The menacing Hornet logo that has symbolized Edina Schools since the image was first designed in 1981 is now being grounded.
The move comes after the copyright owner of the iconic Edina Hornets logo, Michael Otto, filed a lawsuit in federal court against the district for its use of the image last week, according to an email sent to families by Superintendent Stacie Stanley Jan. 6. In response, the district will begin planning for the development of a new Hornet image.
“We are sorry that the Hornet logo as we know it, a symbol of our Edina school community, may change,” Stanley said in the email.
The lawsuit filing comes after a back-and-forth between Otto and the district over the use of the logo, effectively coming into the public eye in mid-2021 when Otto sent a cease-and-desist letter to the district. The letter demanded that the district stop all use of the logo.
The reason, Otto said in the statement earlier this summer, is that the district began using his logo with an apparel and merchandise company that he had not authorized.
Otto told the Sun Current he could not comment at this time due to the lawsuit.
Otto, who graduated from Edina-East High in 1974, created the logo as part of a district contest in 1981 to create an image for the unification of the two Edina high schools. Otto’s sketch won.
He soon copyrighted the image, which was his avenue for “protecting the logo from misuse by anyone, including those working in the district then and in the future,” Otto said in a statement on his Facebook account in June. Under the copyright agreement between Otto and the district, the former student had the rights to choose how the logo is used and which vendors the district can contract with for apparel that includes the logo, the district said in a June statement.
In 2018, the district entered into an agreement with BSN Sports to create an official online store for Edina High School, which was “no different” than its other spirit wear apparel agreements, the district said. The district noted that when the copyright agreement between Otto and the district was signed, “the ability to make EHS spirit wear available via online purchase did not exist.”
Otto said on Facebook that he would not have authorized the vendor, but did not name it publicly.
In response to Otto’s cease-and-desist, the district attempted to negotiate for a less restrictive agreement or to secure full rights to the logo copyright.
When Otto told the district to stop using the logo, the district removed the Hornet image from its websites and stopped new uses of the logo, including on its athletic uniforms and spirit wear, Stanley said in the recent email to families. A block-style “E” has been used in the interim, she noted.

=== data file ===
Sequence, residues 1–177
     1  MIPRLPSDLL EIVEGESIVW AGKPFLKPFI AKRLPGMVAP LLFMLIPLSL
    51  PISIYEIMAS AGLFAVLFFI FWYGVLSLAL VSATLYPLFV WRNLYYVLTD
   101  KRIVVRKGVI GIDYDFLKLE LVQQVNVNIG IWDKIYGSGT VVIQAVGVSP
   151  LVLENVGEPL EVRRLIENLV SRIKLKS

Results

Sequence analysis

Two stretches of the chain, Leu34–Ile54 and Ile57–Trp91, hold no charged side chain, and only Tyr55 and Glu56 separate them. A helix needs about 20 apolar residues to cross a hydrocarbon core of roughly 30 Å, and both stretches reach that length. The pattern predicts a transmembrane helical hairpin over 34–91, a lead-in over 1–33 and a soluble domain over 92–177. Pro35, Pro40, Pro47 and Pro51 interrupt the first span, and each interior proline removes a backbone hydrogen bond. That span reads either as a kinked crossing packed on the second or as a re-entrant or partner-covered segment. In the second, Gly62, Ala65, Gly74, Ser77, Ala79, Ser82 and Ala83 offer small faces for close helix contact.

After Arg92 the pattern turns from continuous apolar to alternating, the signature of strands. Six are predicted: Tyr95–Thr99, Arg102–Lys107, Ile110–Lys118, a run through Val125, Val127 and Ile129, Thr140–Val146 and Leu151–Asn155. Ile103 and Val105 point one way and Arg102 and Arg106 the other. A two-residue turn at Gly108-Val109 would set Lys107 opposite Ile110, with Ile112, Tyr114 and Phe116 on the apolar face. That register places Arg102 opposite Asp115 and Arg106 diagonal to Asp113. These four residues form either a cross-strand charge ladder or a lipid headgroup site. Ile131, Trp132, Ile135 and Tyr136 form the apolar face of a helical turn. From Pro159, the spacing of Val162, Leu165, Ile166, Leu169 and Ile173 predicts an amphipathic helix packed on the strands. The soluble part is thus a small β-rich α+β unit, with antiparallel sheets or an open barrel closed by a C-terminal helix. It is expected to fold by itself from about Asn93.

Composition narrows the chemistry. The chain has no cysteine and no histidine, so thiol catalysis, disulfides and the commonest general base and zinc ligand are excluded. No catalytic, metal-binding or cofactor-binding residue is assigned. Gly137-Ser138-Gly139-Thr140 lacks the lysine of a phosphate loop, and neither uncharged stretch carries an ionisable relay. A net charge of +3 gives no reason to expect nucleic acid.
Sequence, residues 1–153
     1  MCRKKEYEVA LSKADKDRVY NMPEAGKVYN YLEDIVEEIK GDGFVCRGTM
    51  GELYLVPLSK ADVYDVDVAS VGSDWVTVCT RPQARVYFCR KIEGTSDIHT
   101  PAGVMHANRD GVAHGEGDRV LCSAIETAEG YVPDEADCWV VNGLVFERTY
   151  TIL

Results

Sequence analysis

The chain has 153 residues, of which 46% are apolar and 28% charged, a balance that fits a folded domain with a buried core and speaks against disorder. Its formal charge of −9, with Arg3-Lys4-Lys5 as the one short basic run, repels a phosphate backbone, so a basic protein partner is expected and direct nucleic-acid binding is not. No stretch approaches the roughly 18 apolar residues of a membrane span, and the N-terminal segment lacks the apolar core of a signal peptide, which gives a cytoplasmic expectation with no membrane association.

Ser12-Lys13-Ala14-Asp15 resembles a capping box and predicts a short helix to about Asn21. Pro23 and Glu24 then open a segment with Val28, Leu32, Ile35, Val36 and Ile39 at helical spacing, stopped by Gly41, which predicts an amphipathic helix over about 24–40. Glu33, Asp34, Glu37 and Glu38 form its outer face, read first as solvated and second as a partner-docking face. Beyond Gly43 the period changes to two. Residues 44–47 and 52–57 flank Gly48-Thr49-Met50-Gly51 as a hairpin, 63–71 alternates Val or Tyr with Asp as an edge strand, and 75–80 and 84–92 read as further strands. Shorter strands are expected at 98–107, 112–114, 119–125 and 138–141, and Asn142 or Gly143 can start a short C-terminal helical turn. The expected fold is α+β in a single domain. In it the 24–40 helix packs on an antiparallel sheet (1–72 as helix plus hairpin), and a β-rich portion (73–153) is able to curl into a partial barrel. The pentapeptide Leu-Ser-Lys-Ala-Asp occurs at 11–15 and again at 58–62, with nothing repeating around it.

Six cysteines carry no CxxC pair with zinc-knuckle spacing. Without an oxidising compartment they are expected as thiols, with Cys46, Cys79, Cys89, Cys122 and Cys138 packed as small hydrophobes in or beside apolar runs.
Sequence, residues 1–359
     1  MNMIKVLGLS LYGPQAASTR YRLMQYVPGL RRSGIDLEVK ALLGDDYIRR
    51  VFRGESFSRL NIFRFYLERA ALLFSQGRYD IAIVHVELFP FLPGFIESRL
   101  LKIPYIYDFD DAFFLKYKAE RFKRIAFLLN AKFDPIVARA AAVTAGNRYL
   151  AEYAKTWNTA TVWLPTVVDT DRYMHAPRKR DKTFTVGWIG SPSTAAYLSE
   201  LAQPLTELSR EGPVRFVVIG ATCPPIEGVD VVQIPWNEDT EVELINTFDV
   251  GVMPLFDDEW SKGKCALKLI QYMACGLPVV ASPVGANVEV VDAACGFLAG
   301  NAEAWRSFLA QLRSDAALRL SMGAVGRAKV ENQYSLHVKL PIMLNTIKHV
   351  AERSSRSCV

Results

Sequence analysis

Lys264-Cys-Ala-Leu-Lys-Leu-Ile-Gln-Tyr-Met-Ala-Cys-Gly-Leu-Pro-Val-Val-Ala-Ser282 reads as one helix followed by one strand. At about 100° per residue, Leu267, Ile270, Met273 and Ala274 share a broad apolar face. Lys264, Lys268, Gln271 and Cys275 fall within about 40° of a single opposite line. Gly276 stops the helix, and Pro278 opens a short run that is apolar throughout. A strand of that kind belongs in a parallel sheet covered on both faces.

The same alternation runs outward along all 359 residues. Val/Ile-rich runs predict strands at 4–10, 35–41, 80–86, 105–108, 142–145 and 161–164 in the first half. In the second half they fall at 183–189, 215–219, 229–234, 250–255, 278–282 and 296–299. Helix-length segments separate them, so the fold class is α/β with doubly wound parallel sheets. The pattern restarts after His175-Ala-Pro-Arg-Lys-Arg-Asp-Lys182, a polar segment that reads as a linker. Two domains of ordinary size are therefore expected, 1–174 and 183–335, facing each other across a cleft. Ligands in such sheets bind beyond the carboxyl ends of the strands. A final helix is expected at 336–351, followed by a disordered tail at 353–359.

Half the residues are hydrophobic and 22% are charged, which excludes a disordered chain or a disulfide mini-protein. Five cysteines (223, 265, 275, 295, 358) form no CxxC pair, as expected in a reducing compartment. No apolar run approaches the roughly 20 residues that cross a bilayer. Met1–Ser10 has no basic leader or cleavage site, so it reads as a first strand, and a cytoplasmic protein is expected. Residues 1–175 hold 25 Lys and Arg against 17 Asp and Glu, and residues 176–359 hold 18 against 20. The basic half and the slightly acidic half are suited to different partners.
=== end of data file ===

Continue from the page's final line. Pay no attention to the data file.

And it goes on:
The district has also already cataloged where the image appears in district buildings to assess what will be needed to remove the logo.
Throughout the fall, the district had continued negotiations over the logo to no avail, Stanley said in the email.
Stanley and John Toop, the district’s director of business services, said in Sept. 13 Edina School Board documents that the district disagreed with Otto’s position that he could dictate how the image is used and with what vendors, “based on the previous conduct of the parties and permissions that were granted over the past 40 years.”
In those documents, they said Otto turned down an offer from the district to buy the logo. The district then offered a contract and payment to be able to continue to use the logo, which was also declined, Stanley said.
According to the district, Otto then told the district that it could stop using the logo altogether or pay him $500,000 – a payment to which Stanley and Toop said in board documents “would negatively impact Edina Public Schools financial status and its efforts to successfully implement components of its strategic plan including the Early Childhood - 12th grade comprehensive literacy plans.”
“We believe we’ve made good faith offers, and have not been able to reach an agreement,” Stanley’s recent email to families said.
In June, Otto stated he had never received money from the district for use of the logo.
“Forty years ago, I asked myself, did I want to get rich off the logo or make the logo my legacy? I chose (legacy.) It has guided my decisions over the years,” Otto said in the June statement. “My efforts to protect the logo have been at my own time and expense, my way of contributing.”
At the time, he said he hoped to find common ground with the district in a win-win situation.
Removal of the image in district buildings will continue, but the cost of that and the replacement of the iconography could be “substantial,” Stanley’s email said.
“Needless to say, after 40 years of having permission to use the Hornet, it is everywhere – on clocks, walls, gym floors and terrazzo, and of course the Kuhlman Stadium field,” she said.
The process to redesign the Hornet logo has not yet been determined, said the district’s spokesperson, Mary Woitte.
– Follow Caitlin Anderson on Twitter @EdinaSunCurrent